African American Men Prostate &Colorectal Cancer Belief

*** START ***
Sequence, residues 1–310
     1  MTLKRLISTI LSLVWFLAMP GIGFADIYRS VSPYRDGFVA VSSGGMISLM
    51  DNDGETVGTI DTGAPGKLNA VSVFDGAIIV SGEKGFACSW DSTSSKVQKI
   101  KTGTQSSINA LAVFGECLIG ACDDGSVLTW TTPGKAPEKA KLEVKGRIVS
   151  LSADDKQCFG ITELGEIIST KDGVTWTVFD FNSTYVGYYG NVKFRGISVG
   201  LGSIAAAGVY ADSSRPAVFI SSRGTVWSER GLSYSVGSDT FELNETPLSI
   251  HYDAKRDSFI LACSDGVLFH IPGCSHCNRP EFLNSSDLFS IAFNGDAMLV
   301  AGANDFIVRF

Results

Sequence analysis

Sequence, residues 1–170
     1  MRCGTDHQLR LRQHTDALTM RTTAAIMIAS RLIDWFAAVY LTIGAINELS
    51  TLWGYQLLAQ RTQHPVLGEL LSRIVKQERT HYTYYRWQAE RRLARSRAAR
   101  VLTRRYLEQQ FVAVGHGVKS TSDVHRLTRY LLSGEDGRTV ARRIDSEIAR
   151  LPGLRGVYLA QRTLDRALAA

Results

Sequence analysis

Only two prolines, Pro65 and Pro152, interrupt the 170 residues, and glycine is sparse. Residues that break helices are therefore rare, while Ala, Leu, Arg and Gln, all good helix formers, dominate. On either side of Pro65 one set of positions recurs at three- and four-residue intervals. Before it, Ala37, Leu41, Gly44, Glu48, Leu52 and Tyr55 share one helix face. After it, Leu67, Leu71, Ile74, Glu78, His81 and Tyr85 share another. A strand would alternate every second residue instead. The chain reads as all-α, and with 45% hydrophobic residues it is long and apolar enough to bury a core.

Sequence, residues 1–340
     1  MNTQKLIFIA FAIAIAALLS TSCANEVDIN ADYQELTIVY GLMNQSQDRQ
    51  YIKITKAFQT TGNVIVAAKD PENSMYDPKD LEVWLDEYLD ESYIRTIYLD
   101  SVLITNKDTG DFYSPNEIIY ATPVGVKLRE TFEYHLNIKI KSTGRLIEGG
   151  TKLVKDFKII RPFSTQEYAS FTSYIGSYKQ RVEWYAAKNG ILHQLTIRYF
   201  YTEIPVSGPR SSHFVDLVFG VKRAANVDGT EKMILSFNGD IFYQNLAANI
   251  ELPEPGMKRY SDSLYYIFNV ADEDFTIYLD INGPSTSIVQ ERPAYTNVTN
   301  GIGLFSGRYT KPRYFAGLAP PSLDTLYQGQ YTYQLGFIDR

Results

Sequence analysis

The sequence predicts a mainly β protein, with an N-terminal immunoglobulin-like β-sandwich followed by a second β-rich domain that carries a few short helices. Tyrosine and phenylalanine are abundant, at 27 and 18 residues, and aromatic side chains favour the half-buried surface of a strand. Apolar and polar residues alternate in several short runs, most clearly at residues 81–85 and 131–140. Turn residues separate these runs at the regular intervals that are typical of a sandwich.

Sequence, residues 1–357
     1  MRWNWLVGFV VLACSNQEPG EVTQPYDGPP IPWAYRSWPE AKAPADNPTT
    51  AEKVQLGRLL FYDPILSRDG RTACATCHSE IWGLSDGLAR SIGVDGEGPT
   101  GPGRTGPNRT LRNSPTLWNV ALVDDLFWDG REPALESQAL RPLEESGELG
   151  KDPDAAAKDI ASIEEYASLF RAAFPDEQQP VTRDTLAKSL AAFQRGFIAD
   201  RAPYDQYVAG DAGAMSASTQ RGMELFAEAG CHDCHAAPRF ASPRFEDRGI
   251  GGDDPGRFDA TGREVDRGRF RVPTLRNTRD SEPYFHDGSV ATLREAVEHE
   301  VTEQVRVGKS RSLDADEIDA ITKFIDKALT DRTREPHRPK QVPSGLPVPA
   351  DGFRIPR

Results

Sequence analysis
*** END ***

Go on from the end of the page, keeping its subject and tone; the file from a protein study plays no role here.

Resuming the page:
African American men present with cancer at a later stage and have higher cancer related mortality than white men, especially due to prostate and colorectal cancer. These men also have low rates of cancer screening. Several programs have attempted to increase cancer screening rates among African American, but their screening rates remain low. There has not been systematic documentation of minority men's beliefs about prostate and colorectal cancer or cancer screening. This information is needed to improve early detection of cancer among these men. This study will delineate the beliefs and knowledge of African American needed to improve prostate and colorectal cancer screening rates and early cancer detection by: (1) documenting the knowledge, beliefs and behavior of African American men about prostate and colorectal cancer and screening, and (2) determining if differences in attitudes and behaviors about prostate and colorectal cancer screening between African American and white men are related to social class differences, health care access differences, or cultural differences. A model integrating concepts from Explanatory Models of Illness and Health Self-Management will structure this investigation. This research will use a qualitative design in which a series of 3 individual in-depth interviews are conduced with a representative sample of 40 African American and 40 white men residing in rural and urban communities. We will use a systematic approach to analyze the textual data to ensure reliable and valid results. The results of this study will provide the foundation for an R01 application that will be submitted for the October, 2007, deadline. That application will propose an intervention study with the goal of increasing prostate and colorectal cancer screening among African American men. Results from the current project will inform the intervention study by providing insight into the most appropriate target for intervention (e.g., men's knowledge of cancer risk versus access to cancer screening), the modality of intervention (e.g., lay health advisors versus media campaigns if cancer-related knowledge is the target), and for assuring the intervention uses culturally informed and appropriate materials. A preliminary framework of the intervention strategy for this R01 application will be developed and evaluated as part of this project.